* Carol Marin writes that the increase in the minimum wage in Santa Fe, N.M., "has stimulated the economy" there. Perhaps the Chicago City Council should have raised the minimum wage for everybody, not just big-box workers.

Marin also writes that, "Unlike New York, where they just broke ground on a huge and affordable housing complex that will offer more than 2,000 new homes, part of a long-range plan to create 165,000 new affordable units, Chicago is lagging far behind when it comes to stopping the hemorrhage of the middle class out of the city. We are becoming a city of extremes. Extreme wealth. Extreme poverty. And extreme arguments about the perils of a 'living wage.'"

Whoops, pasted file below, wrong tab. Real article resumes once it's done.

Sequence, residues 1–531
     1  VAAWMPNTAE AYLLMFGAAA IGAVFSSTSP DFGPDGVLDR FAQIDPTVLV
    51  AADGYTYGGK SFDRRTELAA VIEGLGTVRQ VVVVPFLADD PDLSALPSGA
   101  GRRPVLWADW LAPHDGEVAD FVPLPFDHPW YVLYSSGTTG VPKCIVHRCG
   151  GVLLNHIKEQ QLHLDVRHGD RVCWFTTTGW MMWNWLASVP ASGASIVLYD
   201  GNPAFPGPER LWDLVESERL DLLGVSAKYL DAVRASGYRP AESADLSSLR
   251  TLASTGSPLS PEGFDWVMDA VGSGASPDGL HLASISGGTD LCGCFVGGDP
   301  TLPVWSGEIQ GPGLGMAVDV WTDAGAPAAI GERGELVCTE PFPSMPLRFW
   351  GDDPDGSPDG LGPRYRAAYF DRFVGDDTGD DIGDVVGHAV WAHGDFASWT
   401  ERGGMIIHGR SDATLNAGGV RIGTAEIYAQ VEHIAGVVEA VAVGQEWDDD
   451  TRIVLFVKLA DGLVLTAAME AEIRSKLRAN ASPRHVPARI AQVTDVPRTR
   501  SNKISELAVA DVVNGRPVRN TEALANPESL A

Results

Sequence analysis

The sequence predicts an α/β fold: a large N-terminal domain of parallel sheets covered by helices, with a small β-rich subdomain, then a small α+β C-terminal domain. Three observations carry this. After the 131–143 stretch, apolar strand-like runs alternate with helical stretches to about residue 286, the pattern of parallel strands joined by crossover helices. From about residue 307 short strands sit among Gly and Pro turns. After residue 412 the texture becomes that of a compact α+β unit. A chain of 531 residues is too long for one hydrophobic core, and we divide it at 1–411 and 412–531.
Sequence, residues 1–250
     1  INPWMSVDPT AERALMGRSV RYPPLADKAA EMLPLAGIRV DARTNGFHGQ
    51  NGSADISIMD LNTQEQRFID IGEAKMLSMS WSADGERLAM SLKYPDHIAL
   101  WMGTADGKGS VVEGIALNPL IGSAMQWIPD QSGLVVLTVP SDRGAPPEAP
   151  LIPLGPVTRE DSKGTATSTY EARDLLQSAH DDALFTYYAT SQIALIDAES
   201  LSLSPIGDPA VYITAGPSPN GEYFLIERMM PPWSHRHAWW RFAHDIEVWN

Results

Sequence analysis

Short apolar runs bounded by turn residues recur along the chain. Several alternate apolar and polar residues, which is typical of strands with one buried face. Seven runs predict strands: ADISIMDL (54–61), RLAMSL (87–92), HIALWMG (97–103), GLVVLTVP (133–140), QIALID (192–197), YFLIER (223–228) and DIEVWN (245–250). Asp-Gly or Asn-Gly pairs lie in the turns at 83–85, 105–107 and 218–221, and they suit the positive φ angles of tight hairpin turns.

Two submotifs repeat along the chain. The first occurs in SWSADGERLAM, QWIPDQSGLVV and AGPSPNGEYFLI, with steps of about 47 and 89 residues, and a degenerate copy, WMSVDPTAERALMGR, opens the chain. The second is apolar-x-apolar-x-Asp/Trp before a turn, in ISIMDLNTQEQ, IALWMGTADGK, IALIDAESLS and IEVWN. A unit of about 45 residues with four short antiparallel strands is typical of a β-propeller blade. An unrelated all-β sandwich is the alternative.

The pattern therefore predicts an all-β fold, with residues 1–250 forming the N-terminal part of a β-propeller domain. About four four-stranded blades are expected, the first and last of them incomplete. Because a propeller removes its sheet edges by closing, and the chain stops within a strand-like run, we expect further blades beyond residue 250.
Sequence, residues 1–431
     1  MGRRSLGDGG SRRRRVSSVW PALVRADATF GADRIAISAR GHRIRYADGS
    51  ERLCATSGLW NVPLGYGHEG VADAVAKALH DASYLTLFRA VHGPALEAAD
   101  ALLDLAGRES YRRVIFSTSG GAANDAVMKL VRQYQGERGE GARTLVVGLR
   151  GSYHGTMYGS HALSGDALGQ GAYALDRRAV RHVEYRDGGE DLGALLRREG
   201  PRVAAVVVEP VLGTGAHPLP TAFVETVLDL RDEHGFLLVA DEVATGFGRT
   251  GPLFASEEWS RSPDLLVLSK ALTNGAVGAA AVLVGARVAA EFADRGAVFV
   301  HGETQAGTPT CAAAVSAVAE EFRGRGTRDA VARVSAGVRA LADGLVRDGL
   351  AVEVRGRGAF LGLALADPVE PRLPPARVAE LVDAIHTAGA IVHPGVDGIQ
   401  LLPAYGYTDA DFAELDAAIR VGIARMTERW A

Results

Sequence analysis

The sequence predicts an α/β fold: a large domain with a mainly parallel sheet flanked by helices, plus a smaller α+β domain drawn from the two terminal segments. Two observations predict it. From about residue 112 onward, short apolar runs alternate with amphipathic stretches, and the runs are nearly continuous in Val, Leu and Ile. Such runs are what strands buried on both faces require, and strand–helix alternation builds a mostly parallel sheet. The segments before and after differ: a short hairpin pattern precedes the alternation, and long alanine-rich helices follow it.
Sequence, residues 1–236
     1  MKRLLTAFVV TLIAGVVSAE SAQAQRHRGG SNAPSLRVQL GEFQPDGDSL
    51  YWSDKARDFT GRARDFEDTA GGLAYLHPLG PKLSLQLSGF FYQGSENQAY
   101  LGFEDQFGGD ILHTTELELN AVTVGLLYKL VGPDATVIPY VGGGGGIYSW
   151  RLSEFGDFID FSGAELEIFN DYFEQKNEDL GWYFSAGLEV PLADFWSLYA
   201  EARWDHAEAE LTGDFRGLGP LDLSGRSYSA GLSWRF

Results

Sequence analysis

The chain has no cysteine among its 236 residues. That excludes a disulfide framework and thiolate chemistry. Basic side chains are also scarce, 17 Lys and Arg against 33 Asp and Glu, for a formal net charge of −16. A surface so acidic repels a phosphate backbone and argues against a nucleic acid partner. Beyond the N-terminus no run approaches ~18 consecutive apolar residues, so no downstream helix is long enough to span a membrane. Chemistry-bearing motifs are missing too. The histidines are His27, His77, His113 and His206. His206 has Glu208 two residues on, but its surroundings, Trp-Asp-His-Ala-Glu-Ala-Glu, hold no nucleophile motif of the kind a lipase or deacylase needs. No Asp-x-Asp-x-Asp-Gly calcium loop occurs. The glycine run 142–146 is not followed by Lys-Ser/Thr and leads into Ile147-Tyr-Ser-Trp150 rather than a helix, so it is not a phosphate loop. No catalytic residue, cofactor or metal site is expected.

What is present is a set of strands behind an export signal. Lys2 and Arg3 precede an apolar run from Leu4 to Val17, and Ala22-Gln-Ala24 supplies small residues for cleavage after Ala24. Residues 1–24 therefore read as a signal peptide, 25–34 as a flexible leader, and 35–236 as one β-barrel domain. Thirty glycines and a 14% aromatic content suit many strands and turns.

House of Daley
The mayor is on the case. He has appointed a fashion director.

House of Cards
"No Doubt, Aldermanic Clout Is Out."

Teen Scream
"Teens whose iPods are full of music with raunchy, sexual lyrics start having sex sooner than those who prefer other songs, a study found."

Or, perhaps the type of teens who start having sex earlier are more likely to load their iPods with music filled with raunchy lyrics.


The Beachwood Tip Line: Countering the culture daily.



Permalink

Posted on August 7, 2006


MUSIC - The Weekend In Chicago Rock.
TV - Cricket vs. Brexit.
POLITICS - An Odd Call From Bermuda.
SPORTS - All Is Not Forgiven, Bears.

BOOKS - Turning Points Of The Civil War.

PEOPLE PLACES & THINGS - Baxter's IV Bag Shortages.